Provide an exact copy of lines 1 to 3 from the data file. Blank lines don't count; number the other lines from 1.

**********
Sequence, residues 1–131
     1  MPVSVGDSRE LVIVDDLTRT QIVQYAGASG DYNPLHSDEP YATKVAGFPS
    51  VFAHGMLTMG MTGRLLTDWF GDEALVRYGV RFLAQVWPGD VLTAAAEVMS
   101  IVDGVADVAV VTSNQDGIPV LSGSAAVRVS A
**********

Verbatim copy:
Sequence, residues 1–131
     1  MPVSVGDSRE LVIVDDLTRT QIVQYAGASG DYNPLHSDEP YATKVAGFPS
    51  VFAHGMLTMG MTGRLLTDWF GDEALVRYGV RFLAQVWPGD VLTAAAEVMS